January 17, 2017
CIO Meeting Recap: Are You a Risk Manager?
There are many hats IT leaders need to wear, and a risk manager is just one. Although risk management is different for all companies, it is critical for all IT leaders to be aware of the risks their organization may face. Andy Bingenheimer, Group Development Manager at U.S. Bank, brought the topic of Are You a Risk Manager to life at Friday’s CIO roundtable meeting where many personal experiences were shared by all.
How do you manage IT risk within your organization?
Risks are everyone’s responsibility and IT leaders shouldn’t be the only ones held accountable for them. It is important for everyone in the organization to think about the risks in the context of their job. In order to close this gap and help the entire business understand and be aware, IT leaders need to train and educate their organization. Risk is not a bad thing as long as the organization is knowledgeable.
IT leaders must be aligned with business leaders to make sure they understand the emerging risks and how they can affect the organization as a whole. A way to put risks into a business perspective is by quantifying the risk and adding a capital value to the risk. By looking at what the company would lose if this risk actually occurred, the organization can better understand the importance of the risk and how to prevent it from occurring.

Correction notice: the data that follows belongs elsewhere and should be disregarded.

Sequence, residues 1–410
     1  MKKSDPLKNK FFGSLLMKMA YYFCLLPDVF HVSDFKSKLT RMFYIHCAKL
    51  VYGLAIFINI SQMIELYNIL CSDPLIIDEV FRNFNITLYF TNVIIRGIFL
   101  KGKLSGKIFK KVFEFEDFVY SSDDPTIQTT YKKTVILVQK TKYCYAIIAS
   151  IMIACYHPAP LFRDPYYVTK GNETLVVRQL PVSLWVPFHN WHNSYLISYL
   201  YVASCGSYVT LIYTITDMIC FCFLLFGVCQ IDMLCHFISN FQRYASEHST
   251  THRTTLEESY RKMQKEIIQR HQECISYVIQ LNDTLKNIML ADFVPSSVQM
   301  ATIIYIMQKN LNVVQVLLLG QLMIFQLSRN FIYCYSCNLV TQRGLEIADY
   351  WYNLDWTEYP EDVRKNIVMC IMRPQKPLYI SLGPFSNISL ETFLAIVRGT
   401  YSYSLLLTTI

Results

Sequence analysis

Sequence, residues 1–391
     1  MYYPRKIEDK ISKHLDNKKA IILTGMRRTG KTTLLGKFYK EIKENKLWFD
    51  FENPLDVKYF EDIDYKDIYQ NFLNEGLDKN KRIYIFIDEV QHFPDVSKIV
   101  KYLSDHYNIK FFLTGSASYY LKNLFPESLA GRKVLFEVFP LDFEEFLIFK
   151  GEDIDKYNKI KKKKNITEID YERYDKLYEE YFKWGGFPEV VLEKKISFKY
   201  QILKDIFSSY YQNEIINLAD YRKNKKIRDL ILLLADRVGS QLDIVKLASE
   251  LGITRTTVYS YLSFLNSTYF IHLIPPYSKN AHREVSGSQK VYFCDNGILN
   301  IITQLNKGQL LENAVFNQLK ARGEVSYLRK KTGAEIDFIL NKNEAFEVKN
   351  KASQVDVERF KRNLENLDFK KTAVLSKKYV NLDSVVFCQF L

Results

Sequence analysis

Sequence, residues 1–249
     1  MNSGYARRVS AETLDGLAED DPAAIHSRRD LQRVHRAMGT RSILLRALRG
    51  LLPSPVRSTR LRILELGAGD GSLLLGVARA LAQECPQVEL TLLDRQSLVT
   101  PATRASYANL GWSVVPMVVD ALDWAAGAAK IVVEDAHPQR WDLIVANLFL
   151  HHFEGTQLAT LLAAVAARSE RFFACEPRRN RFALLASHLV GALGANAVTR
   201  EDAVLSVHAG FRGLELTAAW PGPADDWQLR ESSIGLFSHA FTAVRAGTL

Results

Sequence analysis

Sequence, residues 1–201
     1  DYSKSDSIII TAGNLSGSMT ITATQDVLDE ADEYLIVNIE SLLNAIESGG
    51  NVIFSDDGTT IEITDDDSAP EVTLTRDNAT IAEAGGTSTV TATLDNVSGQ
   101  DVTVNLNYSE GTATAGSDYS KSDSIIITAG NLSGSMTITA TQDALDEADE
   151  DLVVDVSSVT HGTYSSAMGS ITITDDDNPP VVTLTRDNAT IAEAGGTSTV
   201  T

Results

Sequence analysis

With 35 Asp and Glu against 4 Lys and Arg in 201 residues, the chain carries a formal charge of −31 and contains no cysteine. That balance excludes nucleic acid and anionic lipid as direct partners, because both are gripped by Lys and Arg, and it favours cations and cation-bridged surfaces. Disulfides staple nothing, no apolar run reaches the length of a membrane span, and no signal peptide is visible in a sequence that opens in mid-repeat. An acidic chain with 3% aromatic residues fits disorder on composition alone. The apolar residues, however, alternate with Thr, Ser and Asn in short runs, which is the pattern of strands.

How would you describe risk appetite of your organization? Is it formally documented or part of the unwritten culture? How do you enforce risk appetite within your organization? Is it effective?
Risk appetite is the amount and type of risk an organization is willing to accept in pursuit of its business objectives. Every organization is unique with the way they approach risk; for some, it is unspoken and more of a cultural understanding, for others it may be well documented with many protocols in place. Whether informal or formal, risk appetite must be communicated and enforced via one or more of the following methods:
- Authority/spending authorization levels
- Value statements
- Incentive compensation at different levels of the organization
- Monitoring reviews
One interesting piece that a member left with the group was that no matter how your organization approaches risk, at the end of the day the way you approach risks comes down to your judgement, intuition, and what feels right in your gut. This is an important thing to remember as risk is something we deal with every day.
Would you consider yourself a risk manager?